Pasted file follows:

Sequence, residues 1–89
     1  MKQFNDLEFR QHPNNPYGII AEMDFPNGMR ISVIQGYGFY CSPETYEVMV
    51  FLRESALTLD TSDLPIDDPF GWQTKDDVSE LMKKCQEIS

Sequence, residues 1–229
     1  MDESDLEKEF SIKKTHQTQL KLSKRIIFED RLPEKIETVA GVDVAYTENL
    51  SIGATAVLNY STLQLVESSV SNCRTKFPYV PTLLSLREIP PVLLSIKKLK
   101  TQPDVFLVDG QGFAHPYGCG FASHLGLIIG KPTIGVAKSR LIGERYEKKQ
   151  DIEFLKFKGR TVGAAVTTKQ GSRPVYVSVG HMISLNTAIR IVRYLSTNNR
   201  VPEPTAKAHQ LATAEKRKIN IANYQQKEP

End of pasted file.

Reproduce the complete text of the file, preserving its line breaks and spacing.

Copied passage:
Sequence, residues 1–89
     1  MKQFNDLEFR QHPNNPYGII AEMDFPNGMR ISVIQGYGFY CSPETYEVMV
    51  FLRESALTLD TSDLPIDDPF GWQTKDDVSE LMKKCQEIS

Sequence, residues 1–229
     1  MDESDLEKEF SIKKTHQTQL KLSKRIIFED RLPEKIETVA GVDVAYTENL
    51  SIGATAVLNY STLQLVESSV SNCRTKFPYV PTLLSLREIP PVLLSIKKLK
   101  TQPDVFLVDG QGFAHPYGCG FASHLGLIIG KPTIGVAKSR LIGERYEKKQ
   151  DIEFLKFKGR TVGAAVTTKQ GSRPVYVSVG HMISLNTAIR IVRYLSTNNR
   201  VPEPTAKAHQ LATAEKRKIN IANYQQKEP